Guest post and image by Dr Laura Villa; Image by Ryan McGuire from Pixabay

Female pattern hair loss is a common problem affecting many women worldwide.

What is the normal amount of hair loss?

First, let us talk about how hair grows.

Hair grows in cycles. The cycle begins with the anagen phase, where the hair is actively growing. Then we enter the catagen phase, an in-between phase; it signals the end of the active hair growth. The telogen phase is the third and resting phase of the hair follicle. Last is the exogen phase, where hairs are actively shedding from the scalp.

With that said, it is reasonable to shed between 50 and 100 hairs a day as our bodies are continually growing new hair and shed old hair.

Underlying causes:

Believe it or not, but stress is a common cause of hair loss. The stress hormone cortisol is known to affect the hair follicle’s function and cyclic regulation. Stress occurring because of hair loss can lead to further hair loss. It ends up being a vicious cycle between stress and hair loss.  Stress comes in many forms: physical stress from trauma, chemical stress from medications, and emotional stress.

Micronutrients play a role in cellular turnover at the hair follicle.  The cells are rapidly dividing and require essential elements, such as proteins, vitamins, and minerals, to efficiently produce healthy hair. Micronutrients to assess are b-vitamins, biotin, vitamin C, vitamin D, zinc, and iron. A deficiency of any of these can lead to hair loss.

Hair loss in menopause is highly related to hormonal fluctuations. Estrogen and progesterone play a role in follicle health. Estrogen promotes hair growth leading to thicker, healthier, faster-growing hair. Progesterone has been shown to block the negative effects of testosterone on the hair follicle. Without progesterone, testosterone binds to the hair follicle and forces them to go into a resting phase. Further, as women age and with increased stress, there is a gradual increase of testosterone and adrenal hormones, which promote hair loss.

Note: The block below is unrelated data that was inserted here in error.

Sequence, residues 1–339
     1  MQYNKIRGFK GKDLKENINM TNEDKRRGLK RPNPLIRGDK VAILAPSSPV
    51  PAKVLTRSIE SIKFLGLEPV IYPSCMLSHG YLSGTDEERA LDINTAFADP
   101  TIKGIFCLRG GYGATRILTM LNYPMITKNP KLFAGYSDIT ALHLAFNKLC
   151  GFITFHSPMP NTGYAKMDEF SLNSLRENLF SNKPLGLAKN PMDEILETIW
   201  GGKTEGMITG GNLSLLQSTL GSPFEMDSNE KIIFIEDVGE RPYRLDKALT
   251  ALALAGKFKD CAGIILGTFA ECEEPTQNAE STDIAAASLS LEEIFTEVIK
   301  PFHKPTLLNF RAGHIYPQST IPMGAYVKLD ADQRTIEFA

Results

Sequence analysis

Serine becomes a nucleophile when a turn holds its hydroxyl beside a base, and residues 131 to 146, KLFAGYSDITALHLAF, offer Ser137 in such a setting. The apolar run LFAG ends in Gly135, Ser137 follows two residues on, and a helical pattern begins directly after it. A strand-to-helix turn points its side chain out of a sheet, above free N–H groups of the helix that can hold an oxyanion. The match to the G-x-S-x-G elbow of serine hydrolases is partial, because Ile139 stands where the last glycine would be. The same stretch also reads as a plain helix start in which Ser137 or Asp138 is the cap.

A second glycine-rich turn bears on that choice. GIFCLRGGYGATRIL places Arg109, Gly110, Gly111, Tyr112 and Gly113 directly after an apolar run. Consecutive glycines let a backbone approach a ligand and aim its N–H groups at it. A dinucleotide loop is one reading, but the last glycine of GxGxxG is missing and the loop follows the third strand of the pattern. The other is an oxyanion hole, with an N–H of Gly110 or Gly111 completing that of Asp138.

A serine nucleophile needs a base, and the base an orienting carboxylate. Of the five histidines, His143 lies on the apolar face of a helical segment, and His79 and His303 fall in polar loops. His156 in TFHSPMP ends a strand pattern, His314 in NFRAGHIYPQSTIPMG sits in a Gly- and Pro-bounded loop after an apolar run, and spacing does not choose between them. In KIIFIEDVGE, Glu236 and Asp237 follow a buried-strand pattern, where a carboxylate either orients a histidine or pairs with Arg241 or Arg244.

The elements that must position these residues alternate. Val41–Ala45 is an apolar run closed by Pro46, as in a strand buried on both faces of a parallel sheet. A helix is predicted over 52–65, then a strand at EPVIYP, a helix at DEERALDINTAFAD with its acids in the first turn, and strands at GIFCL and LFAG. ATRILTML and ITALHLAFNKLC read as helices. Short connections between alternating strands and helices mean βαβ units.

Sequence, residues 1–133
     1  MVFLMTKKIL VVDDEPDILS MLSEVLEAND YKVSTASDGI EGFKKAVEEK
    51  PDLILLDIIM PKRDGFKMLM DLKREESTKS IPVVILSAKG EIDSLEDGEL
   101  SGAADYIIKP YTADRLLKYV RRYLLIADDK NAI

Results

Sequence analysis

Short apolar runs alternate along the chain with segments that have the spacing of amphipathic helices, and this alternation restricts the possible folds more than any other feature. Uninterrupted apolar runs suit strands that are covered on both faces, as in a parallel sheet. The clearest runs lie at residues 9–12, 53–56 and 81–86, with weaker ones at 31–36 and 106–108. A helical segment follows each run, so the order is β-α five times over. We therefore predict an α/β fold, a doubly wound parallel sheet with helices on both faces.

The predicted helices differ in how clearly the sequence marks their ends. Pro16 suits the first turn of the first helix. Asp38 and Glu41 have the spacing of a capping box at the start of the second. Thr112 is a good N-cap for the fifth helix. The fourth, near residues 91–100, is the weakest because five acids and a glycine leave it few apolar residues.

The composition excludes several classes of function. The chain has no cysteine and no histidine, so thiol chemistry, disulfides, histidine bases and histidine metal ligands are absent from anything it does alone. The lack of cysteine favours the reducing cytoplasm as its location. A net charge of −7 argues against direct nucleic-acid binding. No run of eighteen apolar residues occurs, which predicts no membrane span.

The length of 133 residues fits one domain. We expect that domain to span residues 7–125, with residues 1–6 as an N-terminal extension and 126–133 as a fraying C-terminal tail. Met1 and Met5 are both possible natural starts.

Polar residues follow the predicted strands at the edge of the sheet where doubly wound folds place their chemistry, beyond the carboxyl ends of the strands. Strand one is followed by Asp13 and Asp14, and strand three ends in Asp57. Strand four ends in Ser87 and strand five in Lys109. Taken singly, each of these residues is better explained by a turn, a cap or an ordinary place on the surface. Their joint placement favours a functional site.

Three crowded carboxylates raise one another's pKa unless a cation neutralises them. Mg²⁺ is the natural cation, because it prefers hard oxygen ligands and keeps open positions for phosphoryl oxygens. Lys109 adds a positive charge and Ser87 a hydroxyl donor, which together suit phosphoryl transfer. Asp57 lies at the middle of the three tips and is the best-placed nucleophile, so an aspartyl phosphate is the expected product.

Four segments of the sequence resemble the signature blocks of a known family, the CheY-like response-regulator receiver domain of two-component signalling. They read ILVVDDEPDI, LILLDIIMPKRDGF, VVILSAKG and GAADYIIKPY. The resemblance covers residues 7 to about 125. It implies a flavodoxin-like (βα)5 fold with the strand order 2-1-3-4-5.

Another hormonal issue that can lead to hair loss is hypothyroidism. Hypothyroidism is a condition where the thyroid gland, which is found in the neck, doesn’t produce enough thyroid hormone. One of the many symptoms it causes is hair loss. Those with hypothyroidism might also have fatigue, constipation, and hair loss at the outer corner of the eyebrow.

Harsh hairstyling and over-processing also contribute to hair loss. Over-processed hair is hair that is damaged by dye, bleach, heat, and other styling processes.

So, what can you do?

  1. Comprehensive lab testing to assess hormones and nutrient status.
  2. Compounded scalp blends to prevent further hair loss and promote hair regrowth.
  3. Stress management.
  4. Optimize nutrition.

Treatment for hair loss depends on the cause and requires a personalized approach. Call the office today at 520-261-5790 to find the root cause of your hair loss. 


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  • Thom E. Stress and the Hair Growth Cycle: Cortisol-Induced Hair Growth Disruption. J Drugs Dermatol. 2016;15(8):1001-1004
  • Shapiro J. Clinical Practice Hair loss in women. N Engl J Med. 2007;357(16):1620-1630
  • Gg A. Diffuse alopecia; nutritional factors and supplements. Turkderm-Turk Arch Dermatol Venerol. 2014;48(Suppll):45-47
  •  Alopecia in Menopause – Naturopathic Doctor News and Review (